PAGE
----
We previously blogged on questions of the unauthorized practice of law when an unlicensed attorney serves on the association’s Board of Directors. In our next two blogs, we will review other issues involving questions of the unauthorized practice of law. In this blog, we discuss where we look for guidance, and in a subsequent blog, we will review Virginia decisions and opinions on the unauthorized practice of law.
Originally posted 2013-01-15 07:15:57. Republished by Blog Post Promoter
Many of us are so busy in performing the work that we are hired to do that we often neglect the housekeeping we should do for our businesses. Management agreements with community associations may fall into this category. As with many agreements in which sections are revised but the whole contract is not reviewed, management agreements can take on a life of their own as they are tweaked here and there. In this blog, we discuss the need to take time to have your forms and contracts reviewed to ensure that your management company is protected by the agreement, that it reflects current law, and that it comports to any required regulations.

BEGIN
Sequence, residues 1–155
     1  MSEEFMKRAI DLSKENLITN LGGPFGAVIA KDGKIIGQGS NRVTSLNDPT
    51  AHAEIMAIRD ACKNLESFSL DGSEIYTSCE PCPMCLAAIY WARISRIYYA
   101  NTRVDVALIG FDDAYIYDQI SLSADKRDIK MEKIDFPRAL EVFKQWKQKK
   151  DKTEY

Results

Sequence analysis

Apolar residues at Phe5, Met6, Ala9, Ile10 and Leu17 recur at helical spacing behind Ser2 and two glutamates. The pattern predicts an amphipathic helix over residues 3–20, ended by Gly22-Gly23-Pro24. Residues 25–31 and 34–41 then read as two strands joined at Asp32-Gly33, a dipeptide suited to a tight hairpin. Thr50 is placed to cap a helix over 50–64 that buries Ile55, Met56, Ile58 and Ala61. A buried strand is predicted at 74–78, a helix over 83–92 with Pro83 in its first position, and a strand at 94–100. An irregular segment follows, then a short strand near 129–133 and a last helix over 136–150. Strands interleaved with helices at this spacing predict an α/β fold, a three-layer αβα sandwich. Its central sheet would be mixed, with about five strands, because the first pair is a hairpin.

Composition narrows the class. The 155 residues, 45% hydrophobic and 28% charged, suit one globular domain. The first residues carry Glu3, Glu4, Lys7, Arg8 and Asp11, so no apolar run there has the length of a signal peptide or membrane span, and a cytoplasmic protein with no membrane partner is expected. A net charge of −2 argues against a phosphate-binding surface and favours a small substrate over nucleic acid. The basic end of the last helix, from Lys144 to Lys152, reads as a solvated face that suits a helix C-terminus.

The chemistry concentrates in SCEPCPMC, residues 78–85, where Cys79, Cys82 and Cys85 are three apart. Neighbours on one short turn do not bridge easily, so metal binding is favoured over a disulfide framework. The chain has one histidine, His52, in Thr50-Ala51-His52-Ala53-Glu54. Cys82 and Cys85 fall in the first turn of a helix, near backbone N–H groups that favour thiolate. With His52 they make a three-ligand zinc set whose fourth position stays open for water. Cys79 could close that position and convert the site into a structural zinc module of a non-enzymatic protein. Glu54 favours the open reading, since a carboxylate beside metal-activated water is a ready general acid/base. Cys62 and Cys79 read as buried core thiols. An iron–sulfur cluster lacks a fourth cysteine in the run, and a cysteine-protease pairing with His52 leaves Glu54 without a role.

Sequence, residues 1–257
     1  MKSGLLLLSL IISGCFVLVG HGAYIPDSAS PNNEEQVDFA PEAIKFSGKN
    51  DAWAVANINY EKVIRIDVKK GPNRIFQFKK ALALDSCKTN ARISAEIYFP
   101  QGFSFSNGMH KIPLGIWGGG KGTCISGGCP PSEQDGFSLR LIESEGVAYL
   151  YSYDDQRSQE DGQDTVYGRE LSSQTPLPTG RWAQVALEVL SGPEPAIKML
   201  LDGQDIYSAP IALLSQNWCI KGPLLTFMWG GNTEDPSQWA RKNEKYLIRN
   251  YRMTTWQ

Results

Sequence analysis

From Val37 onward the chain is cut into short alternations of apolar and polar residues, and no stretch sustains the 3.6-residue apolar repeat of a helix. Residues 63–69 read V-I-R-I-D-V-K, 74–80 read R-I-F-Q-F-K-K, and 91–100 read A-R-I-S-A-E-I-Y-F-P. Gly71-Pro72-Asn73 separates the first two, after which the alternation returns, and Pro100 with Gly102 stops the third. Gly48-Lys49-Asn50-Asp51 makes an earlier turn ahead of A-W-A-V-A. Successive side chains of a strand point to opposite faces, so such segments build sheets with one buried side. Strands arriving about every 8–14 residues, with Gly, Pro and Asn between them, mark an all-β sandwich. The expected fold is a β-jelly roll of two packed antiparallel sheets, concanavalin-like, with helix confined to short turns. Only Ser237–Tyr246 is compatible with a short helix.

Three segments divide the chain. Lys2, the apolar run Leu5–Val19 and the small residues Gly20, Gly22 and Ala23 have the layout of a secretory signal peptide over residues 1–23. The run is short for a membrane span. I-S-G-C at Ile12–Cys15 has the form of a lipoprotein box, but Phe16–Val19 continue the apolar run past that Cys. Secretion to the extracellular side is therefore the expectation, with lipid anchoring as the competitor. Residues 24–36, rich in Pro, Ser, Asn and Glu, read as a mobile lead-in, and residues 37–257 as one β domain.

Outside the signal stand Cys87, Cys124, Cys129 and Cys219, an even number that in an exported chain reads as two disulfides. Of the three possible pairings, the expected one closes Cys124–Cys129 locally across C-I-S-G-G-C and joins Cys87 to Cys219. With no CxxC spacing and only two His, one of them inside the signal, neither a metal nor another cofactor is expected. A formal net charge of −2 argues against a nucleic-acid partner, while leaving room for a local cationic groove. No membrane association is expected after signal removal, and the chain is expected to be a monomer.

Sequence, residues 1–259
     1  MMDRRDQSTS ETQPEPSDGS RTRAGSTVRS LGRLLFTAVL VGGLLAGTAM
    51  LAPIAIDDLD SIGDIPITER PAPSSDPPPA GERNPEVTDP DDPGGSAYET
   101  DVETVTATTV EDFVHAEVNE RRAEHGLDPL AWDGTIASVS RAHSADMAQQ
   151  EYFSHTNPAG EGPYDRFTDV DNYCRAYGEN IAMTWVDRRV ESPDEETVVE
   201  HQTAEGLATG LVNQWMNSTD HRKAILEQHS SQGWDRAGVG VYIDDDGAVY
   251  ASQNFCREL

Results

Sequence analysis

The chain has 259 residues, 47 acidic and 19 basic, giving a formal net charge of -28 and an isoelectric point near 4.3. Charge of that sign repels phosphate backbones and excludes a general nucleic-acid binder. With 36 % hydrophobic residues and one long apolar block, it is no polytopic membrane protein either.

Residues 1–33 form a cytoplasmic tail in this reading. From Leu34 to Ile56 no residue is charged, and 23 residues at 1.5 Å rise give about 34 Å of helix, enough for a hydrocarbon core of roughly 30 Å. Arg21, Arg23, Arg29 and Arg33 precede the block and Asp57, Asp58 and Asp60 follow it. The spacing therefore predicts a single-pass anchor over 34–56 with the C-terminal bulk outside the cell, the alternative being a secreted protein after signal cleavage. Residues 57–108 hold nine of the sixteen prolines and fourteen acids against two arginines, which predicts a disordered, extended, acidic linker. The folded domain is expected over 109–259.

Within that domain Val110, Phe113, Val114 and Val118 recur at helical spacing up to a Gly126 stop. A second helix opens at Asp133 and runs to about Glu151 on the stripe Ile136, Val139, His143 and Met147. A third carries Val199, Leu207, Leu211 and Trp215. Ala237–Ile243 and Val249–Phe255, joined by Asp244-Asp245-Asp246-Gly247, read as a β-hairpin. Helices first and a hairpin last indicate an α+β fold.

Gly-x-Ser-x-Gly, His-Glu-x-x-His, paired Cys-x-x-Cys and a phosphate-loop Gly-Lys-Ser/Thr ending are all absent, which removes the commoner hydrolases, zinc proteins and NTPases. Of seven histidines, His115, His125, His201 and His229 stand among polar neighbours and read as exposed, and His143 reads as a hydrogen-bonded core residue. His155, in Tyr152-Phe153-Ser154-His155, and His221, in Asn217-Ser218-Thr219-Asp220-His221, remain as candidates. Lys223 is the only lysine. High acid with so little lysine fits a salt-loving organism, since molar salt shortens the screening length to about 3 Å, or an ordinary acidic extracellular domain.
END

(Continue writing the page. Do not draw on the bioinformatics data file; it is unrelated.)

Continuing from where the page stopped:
Originally posted 2014-06-02 15:17:58. Republished by Blog Post Promoter
We have written previously about employee “non-competes” (a/k/a covenants not to compete or non-competition agreements). You may have come across them in your own business, either by requiring them of your own employees or seeking to hire someone subject to a non-compete. However, the area of law surrounding non-competition agreements can be tricky, and a new decision has added to the intrigue.